Why do I want my students to understand conflict? I want my students to recognize different problems in the world and challenge the way things are. I hope that by better understanding conflict they will develop the character and determination needed to create change. Perhaps they will learn to engage problems and not flee from them, and hopefully my students will learn to persevere through challenges to grow deeper and become more capable leaders. William Ellery Channing said, “. . . difficulties are meant to rouse, not discourage. The human spirit is to grow strong by conflict (“Self-Culture,” September 1838). I hope my students develop resolve.

I’m still learning the best way to scaffold and design the learning activities to help my students develop a deep understanding of conflict–and I’m still working on teaching ways to resolve conflict into the class, too. Assessment of student understanding is a weakness, and I need to make changes moving forward. However, I’m pleased with the progress of the class overall. I need to develop and refine things further, but we are on the right track.

This is the last post in a series of reflections on the throughlines for my 6th grade reading class. Check out the overview of the series or the posts on thoughtfulnessmaking connections, and student voice.

Running Thoughts: Failure, Grit, and Where to Begin

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This morning I ran 5.05 miles in 48:33 (according to my RunKeeper app). I’m still pretty sore from Sunday’s long run, and my plantar fasciitis continues to act up–but I forgot my night split last night.

As I ran this morning I continued to think about Thomas Hoerr’s presentation yesterday at #TAIS12 on “What If the Secret of Success Is Failure?” I recognize how trendy it is to discuss failure and grit right now in education circles, and I get it. Grit is one of the most important characteristics of a successful person. If it’s important, what are we doing in schools to help our students develop grit? I think it’s a valuable conversation, and I appreciate Hoerr pointing us to some great resources for further investigation. His presentation synthesized Paul Tough’s How Children Succeed: Grit, Curiosity, and the Hidden Power of Character and Angela Duckworth’s TEDx talk
“True Grit: Can Perseverance be Taught?” with a little Carol Dweck thrown in for good measure.

I find this information all quite compelling, yet I’m left wondering what the implications are for my students and our classroom. I teach a significant number of students that Hoerr identifies as “high flyers”–students who are highly motivated and been primarily successful academically. For many, the success comes easily. So what should I do? How do I ensure that the develop the perseverance and grit needed to succeed in the world beyond our school? Do I even possess these skills? I’m not sure. My track record with all this running is spotty at best.

Is this even something I should tackle if my school has yet to make it a serious priority? We do have a life skill standard that states a student should “persist when presented with a challenging task.” However, I’m not sure how frequently or how well we have communicated with parents and students how important having to struggle is to developing this skill. Perhaps that’s where I should begin with the boys. Maybe as we move to the second semester, we need to spend just a few days talking about these ideas, viewing Duckworth’s talk, and exploring the value of failure. Hmm.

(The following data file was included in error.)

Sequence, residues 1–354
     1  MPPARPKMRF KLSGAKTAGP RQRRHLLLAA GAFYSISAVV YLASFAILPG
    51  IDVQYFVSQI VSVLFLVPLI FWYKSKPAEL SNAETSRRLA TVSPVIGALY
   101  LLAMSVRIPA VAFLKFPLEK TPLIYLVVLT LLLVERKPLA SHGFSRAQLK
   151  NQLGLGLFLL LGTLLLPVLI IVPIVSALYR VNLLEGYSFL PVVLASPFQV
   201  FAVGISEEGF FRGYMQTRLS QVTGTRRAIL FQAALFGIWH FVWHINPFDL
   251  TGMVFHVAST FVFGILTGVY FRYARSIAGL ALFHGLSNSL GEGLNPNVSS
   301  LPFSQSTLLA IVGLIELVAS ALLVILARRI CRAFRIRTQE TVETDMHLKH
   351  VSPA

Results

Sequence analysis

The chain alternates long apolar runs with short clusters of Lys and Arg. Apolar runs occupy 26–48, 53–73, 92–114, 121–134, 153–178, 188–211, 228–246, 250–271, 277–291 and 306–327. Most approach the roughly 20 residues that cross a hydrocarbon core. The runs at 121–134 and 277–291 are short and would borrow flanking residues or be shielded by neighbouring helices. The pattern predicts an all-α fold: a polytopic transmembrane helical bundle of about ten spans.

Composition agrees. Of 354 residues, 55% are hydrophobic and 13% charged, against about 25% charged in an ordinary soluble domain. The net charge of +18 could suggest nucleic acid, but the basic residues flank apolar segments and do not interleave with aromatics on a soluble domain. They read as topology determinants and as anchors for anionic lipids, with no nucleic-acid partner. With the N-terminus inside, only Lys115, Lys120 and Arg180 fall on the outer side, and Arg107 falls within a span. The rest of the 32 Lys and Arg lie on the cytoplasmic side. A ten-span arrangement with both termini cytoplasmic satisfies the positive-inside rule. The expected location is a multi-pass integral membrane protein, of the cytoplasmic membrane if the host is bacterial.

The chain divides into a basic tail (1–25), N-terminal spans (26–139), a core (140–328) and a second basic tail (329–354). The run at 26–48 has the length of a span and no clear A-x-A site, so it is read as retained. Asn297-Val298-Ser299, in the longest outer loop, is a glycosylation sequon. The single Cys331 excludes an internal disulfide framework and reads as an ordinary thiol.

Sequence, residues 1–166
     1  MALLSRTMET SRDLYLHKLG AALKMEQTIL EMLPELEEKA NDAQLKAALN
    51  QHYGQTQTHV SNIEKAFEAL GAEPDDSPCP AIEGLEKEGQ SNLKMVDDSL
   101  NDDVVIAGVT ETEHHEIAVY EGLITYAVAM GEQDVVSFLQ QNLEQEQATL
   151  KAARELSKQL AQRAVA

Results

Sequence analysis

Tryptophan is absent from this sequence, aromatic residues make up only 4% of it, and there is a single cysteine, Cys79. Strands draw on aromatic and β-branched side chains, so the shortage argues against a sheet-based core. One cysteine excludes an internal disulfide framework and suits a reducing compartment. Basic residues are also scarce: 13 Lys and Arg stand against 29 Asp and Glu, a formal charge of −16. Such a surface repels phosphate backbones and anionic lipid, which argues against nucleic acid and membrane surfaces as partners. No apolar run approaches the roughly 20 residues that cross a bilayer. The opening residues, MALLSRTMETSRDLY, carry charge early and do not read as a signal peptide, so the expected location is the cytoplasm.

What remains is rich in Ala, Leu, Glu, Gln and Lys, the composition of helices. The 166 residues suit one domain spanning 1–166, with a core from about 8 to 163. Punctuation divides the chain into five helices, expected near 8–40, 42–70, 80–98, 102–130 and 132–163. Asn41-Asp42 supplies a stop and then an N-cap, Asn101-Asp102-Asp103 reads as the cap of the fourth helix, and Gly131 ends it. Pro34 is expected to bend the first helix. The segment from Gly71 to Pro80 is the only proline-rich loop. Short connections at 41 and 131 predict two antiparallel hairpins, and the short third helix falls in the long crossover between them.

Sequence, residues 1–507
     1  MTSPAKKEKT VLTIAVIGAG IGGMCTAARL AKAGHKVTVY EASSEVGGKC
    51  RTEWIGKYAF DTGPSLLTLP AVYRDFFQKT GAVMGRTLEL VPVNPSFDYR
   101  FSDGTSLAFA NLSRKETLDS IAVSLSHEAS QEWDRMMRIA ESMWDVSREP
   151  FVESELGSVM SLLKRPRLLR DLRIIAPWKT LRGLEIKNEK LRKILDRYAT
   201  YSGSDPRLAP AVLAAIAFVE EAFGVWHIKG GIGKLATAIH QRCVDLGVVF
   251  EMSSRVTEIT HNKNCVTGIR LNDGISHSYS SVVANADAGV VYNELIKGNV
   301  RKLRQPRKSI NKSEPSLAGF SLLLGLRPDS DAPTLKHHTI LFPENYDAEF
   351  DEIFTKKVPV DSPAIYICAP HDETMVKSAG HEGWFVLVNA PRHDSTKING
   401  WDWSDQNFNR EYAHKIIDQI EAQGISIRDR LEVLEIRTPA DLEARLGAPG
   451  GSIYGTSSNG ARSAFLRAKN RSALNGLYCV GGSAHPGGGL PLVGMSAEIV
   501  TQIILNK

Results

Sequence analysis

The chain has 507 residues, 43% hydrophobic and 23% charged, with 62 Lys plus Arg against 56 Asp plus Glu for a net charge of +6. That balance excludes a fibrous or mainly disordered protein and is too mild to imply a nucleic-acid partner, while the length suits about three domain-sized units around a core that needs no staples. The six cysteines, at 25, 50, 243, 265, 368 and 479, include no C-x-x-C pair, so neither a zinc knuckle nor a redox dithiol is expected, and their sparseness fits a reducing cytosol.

Any thoughts? I’d love to hear from you.

#TAIS12 “What If the Secret of Success Is Failure?” by Thomas R. Hoerr

  1. Today, I’m at the Tennessee Association of Independent Schools conference at The Hutchison School. I just attended a fascinating session by Thomas Hoerr from New City School entitled “What If the Secret of Success Is Failure?” The guiding question of the session was “Should an educator ever strive to cause a student to be frustrated or, even,  fail?” I am really interested in the ideas Dr. Hoerr shared even though the “embrace failure” mantra is clearly a vogue topic in education circles.
  2. Instead of taking notes I tried to send out several tweets from the session. I also decided to play and tinker with Storify today as I learn.
  3. PDSHeadmaster
    Preparing to attend session by Dr. Thomas Hoerr about failure being the key to success. #tais12
  4. lauradearman
    #tais12 when kids leave without ever having experienced failure, we’ve done them a disservice-Tom Hoerr
  5. Philip_Cummings
    What if the Secret to Success Is Failure? – NYTimes http://goo.gl/fK8JL (h/t Thomas Hoerr) #TAIS12
  6. PDSHeadmaster
    Students who get perfect SAT scores often haven’t developed capacity to handle difficult moments, and this hampers them. #tais12
  7. Philip_Cummings
    How Children Succeed: Grit, Curiosity, and the Hidden Power of Character: Paul Tough | Amazon http://goo.gl/DhIup #TAIS12
  8. Philip_Cummings
    True Grit: Can Perseverance be Taught? – Angela Lee Duckworth, Ph.D – YouTube http://goo.gl/sy4hQ #TAIS12
  9. PDSHeadmaster
    Angela Duckworth at UPenn: self control more reliable predictor of GPA than IQ. #tais12
  10. PDSHeadmaster
    Grit is overcoming boredom, frustration and failure, according to Angela Duckworth at UPenn. #tais12
  11. lauradearman
    #tais12 GRIT can and must be taught-Tom Hoerr
  12. jenhunt7
    Learning about failure… how gritty are you? http://www.sas.upenn.edu/~duckwort/ #tais2012 http://twitter.com/jenhunt7/status/265496675139866624/photo/1 #tais12